When you come down here to this church and lay an offering and a gift at Jesus’ feet, that represents you.  I’ve traded my life for it.  Itoiled and worked for it.  I used my mind and my hands for it.  I turned myself into coin and currency, and here, I bring myself and dedicate it to Jesus.  It’s you. 

That summation of the budget is the summation of all of us.  This represents us.  And this one little word, it represents our gratitude to God. 

They were having an appeal at a church asking the people to respond, and a man stood up and said, "Pastor, my wife and I want to give ten thousand dollars.  We are dedicating it to the memory of our son who did not return from the war, and in memory of him, we want to dedicate this ten thousand dollars." 

And when he had spoken, a mother put her hand on the arm of her husband and said, "Husband, stand up.  Give them ten thousand dollars for our son."  And the father said, "But wife, our boy wasn’t killed.  He came back."  And the mother replied, "Husband, that’s why!  Do it!  Do it because our boy came back from the war.  Give it because he’s alive and we have it.  Give it in gratitude to God." 

What would I take for my two eyes?  I wouldn’t sell them for the wealth of the world.  They came from God.  I did not make them.  He gave them to me.  What would I take for my hands or my feet?  What would I take for the health and the strength that I have?  They come from God.  And out of gratitude, Lord, Lord, this is a small recompense for the unsearchable riches that I have from Thy gracious hands.  And time would fail me to speak of our Savior – the saving of my soul, my hope of heaven: everything represented by Jesus our Lord.  Out of a heart full of gratitude, Lord this I dedicate to Thee.

Blessed people, I need not speak further nor mention it again.  Loving God, you will love to do this; and the Lord speed you in the way, give you and us every abiding and continuing victory.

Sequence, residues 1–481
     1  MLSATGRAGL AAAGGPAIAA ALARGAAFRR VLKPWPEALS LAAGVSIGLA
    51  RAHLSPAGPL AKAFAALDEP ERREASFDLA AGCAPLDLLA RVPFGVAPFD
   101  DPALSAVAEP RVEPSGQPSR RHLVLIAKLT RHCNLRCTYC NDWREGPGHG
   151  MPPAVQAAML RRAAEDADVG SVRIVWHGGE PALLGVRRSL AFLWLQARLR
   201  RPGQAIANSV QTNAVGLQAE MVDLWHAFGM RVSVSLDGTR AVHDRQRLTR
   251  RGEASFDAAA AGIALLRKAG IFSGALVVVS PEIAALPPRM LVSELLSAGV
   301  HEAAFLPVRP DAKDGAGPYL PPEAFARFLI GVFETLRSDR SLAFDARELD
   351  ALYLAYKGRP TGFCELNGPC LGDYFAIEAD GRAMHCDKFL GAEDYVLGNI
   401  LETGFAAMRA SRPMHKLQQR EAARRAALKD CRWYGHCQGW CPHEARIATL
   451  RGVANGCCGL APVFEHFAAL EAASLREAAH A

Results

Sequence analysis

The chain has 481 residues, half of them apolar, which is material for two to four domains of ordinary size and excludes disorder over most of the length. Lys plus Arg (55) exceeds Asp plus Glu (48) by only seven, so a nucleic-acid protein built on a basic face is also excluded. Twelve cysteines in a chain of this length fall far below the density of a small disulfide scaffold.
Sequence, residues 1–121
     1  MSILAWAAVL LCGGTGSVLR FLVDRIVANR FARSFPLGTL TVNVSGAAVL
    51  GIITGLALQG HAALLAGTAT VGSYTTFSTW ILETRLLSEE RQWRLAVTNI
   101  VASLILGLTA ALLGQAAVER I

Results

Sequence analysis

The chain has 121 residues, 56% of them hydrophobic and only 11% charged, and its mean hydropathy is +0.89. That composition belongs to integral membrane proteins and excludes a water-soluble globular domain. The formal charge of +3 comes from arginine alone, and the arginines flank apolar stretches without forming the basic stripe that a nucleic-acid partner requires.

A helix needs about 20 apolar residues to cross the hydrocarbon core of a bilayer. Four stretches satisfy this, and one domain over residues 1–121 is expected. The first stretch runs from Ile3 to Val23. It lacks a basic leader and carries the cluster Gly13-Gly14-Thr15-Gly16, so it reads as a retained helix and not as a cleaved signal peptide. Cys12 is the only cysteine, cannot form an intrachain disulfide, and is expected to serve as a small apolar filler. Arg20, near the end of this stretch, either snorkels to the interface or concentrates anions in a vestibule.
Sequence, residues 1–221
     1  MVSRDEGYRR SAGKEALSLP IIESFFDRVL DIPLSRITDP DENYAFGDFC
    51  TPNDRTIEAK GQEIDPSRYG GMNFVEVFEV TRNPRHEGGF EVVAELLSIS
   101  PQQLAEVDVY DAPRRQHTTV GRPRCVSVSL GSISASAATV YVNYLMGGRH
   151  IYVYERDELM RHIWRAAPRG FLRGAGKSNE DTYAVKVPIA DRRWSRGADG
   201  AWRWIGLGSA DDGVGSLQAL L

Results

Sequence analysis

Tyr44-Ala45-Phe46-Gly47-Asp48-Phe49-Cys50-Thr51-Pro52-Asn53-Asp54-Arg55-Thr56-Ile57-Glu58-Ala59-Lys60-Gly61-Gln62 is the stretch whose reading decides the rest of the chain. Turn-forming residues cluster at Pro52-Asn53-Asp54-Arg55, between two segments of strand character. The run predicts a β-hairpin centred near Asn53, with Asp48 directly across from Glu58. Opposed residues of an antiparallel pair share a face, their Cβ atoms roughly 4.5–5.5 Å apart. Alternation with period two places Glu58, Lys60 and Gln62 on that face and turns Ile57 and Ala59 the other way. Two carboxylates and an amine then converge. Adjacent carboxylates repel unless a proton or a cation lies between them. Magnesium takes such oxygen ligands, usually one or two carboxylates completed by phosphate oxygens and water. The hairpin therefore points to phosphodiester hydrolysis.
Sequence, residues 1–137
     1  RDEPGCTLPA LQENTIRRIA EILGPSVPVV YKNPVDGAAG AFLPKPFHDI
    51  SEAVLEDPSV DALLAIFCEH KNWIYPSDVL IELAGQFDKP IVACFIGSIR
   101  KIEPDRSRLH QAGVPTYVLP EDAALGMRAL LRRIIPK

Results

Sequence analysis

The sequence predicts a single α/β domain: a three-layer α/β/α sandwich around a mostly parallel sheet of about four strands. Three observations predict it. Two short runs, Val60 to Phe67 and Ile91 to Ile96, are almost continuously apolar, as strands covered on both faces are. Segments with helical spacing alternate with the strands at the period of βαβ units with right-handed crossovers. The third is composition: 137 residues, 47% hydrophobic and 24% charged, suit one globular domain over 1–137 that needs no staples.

Now, Billy, let’s sing our song.  And while we sing it, somebody you to give your life in faith to Christ tonight: You come into the aisle and down here to the front and stand by me.  "Here I come, pastor.  Here I am.  I give you my heart; I give my life; I give you my hand; I give my heart and my life to God."  The sign of a commitment: "If thou shalt confess with thy mouth the Lord Jesus and believe in thine heart that He lives, that God raised Him from the dead, thou shalt be saved" [Romans 10:9].  And that is our confession.  "Pastor, I give you my hand before the congregation.  I confess Jesus as my Savior."  Or into the fellowship of the church: somebody you, a family you – while we sing, would you come?  While we stand and while we sing.


Dr. W.
A. Criswell

20:28-36, 1 Corinthians 16:1-2



I.          How are we doing?

A.  Sunday
school has a lot to do – do your best


II.         Facing the financial problem

A.  People
of God are subject to the laws of God

1.  We are a church and
it belongs to Jesus

B.  A
divine institution – but we are still terrestrial; subject to things of earth

True of us, true of all God’s children through all time

a. Children of Israel
in the wilderness hungered and thirsted

b. Elijah at the Brook
Cherith had to be fed

Jesus was tempted because He too was subject to laws of this

C.  There
is not anything on this earth that does not have its financial problem

Churches turn to all kinds of things to meet a financial problem

1.  Suppers

Merchandising, rummage sales, kissing bees

Gambling, bingo, raffles, lotteries, card parties

God’s way (1 Corinthians 16:1-2)


III.        The wisdom of God

A.  The
genius of the Christian faith

The worth of the individual

2.  The
religion of the one lost sheep, one lost coin, one lost boy

B.  We
are born one at a time, born again one at a time

Stewardship is a matter of the one somebody you

Rethinking the purpose and construction of a family

Every member has a part

Teaching the children


IV.       What the budget represents

A.  The
need of a whole world

Our church and its work

Our mission fields

B.  Us

C.  Our
gratitude to God